Museum and Home of Thailand's Most Unique Vessels
The Royal Barges Museum is where you can discover 8 of the country's most unique and stunning vessels: the Royal Barges. These boats a reserved for auspicious ceremonies and state occasions like the very rare Royal Barge Procession, and have only made an appearance on the water about 16 times in the last 65 years.
Each is carved from huge pieces of teak, their prows engraved with mythical creatures, gilded in gold and intricately decorated with tiny shimmering pieces of glass. Rowed by up to 50 specially trained oarsmen, the boats leave their dry dock at festival times and important state occasions for spectacular processions along the river.
The Royal Barges
There was a time in Bangkok when the Chao Phraya River and its tributaries were the most important avenue of communication and boats the main mode of transport for all, even royalty.
Each of the 8 royal barges has a sign indicating the name, the year of construction or renovation, and the size of crew required to operate it. It’s rather impressive to think that the largest and most important vessel, named Suphannahonse, is 46 metres long and needs 50 oarsmen and 14 crew members!
During Thailand's turbulent history, the barges were often damaged or partly destroyed by bombings or fire. All around the building, photos and illustration are displayed showing past processions and the remains of previous vessels as well as the techniques used to operate the barges.
The most beautiful golden barges are stored under a huge roof and only leave their shelter for special occasions. The entire fleet can count up to 50 barges. The 40 other boats are more discreet in appearance, usually with dark wood bodies with a colourful mythical dragon painted on the prow.
These other barges are visible in a separate warehouse near the bridge. Given that the procession doesn't happen very regularly, you’ll have to be lucky to catch the boats on the river. Even so, the advantage of the museum is you get to see them up close.
The warehouse sheltering the barges is usually very hot, so don't miss a fun little bar called 'We Have Soft Drink', offering a nice break before walking back. The people there are very friendly and speak great English and they'll be happy to give you information about the area.
You can easily find the Royal Barges Museum on the Thonburi side of the river, not far from Phra Pin Klao Bridge. Note that the barges might not be in the museum during or in preparation for the special ceremonies.
How to get to the Royal Barges Museum
The Museum is located on the banks of a klong (canal) connected to the main Chao Phraya river, and there are 2 ways to get there. The best way is to board the Chao Phraya Express Boat to Wang Lang Pier (N10), then it’s a short walk to the museum. Alternatively, hire a long-tail boat to tour the Bangkok waterways and include the Royal Barges Museum in your itinerary.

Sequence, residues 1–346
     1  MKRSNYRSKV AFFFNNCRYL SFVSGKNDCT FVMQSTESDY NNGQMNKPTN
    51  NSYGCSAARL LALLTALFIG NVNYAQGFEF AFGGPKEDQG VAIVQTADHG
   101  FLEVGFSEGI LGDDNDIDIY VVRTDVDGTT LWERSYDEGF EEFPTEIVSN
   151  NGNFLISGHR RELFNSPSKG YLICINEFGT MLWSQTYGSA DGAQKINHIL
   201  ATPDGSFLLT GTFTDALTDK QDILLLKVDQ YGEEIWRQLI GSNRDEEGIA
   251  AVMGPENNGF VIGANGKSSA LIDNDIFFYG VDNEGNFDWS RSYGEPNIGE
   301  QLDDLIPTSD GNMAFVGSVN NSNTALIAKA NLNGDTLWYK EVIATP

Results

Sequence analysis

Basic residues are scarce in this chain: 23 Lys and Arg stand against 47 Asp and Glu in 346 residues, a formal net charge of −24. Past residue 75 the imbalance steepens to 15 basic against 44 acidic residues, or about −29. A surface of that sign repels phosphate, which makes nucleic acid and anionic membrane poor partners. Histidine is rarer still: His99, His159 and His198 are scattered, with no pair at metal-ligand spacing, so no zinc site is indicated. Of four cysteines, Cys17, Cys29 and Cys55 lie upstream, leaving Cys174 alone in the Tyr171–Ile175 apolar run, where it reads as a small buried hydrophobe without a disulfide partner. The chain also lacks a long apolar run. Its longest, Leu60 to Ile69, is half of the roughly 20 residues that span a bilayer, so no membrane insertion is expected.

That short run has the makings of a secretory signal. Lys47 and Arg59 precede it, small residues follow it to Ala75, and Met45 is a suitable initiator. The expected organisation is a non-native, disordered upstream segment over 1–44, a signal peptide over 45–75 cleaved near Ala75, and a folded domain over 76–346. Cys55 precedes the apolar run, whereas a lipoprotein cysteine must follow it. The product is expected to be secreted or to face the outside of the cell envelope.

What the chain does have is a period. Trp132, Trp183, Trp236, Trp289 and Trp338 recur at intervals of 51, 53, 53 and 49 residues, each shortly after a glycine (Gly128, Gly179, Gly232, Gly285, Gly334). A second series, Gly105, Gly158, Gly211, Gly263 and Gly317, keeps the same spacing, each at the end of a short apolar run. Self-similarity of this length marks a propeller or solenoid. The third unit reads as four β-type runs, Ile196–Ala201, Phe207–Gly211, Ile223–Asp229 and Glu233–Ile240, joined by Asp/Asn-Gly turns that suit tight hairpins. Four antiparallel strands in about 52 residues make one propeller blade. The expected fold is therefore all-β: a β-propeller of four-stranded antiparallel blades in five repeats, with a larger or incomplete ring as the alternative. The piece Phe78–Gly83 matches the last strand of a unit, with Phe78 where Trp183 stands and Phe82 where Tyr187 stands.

The other way is by land, but it’s quite a tricky itinerary. You’ll need to cross the Phra Pink Lao bridge (the one located just past the Grand Palace), then turn left and aim at the small Arun Ammarin bridge. But don't cross this one as the museum is located almost under it. Park somewhere near the bridge and you’ll easily spot some small signs pointing to the museum.
The museum itself is almost visible from the street across a small naval yard, but guards won’t allow you to cross it and you need to walk all the way through the maze behind it. The narrow and rather messy concrete path is very well indicated along the way, but it’s a bit of a trek. Once there, the entry fee is a 100 baht – another 100 baht applies if you want to take photos (or 200 baht for videos).
A brief history of the Royal Barge Procession
Dating back to the Ayutthaya Period, the Royal Barge Procession used to involve as many as 200 longboats in an elaborate procession undertaken by King Narai the Great to accompany a diplomatic delegation sent by King Louis XIV of France. During this period, the royal barges were used in battles, religious occasions, boat races as well as royal ceremonies. Unfortunately, these early barges were burnt to dust after Ayutthaya fell and was ransacked by the Burmese.
After King Rama I ascended the throne and established a new capital in Bangkok, he revived the centuries-old tradition and ordered the construction of new barges. Among the most elaborate and significant is the Suppanahong, with the ‘golden swan’ as the figurehead. This majestic 50-metre long vessel, carved from a single piece of teak, is considered the personal barge of the King.
The arrival of motorised boats after King Rama IV’s reign and the absence of war has limited the role of the royal barges to purely ceremonial purposes, particularly the Royal Kathin procession at the end of every Buddhist Lent. World War II and a period of political turmoil during King Rama VII’s reign had disrupted the royal barges’ service, until King Rama IX (King Bhumibol) initiated the restoration of war-damaged vessels and resumed the Royal Krathin procession which, due to the fragility of the boats, only happens for important royal occasions such as anniversaries.
Open: Daily from 9am to 5pm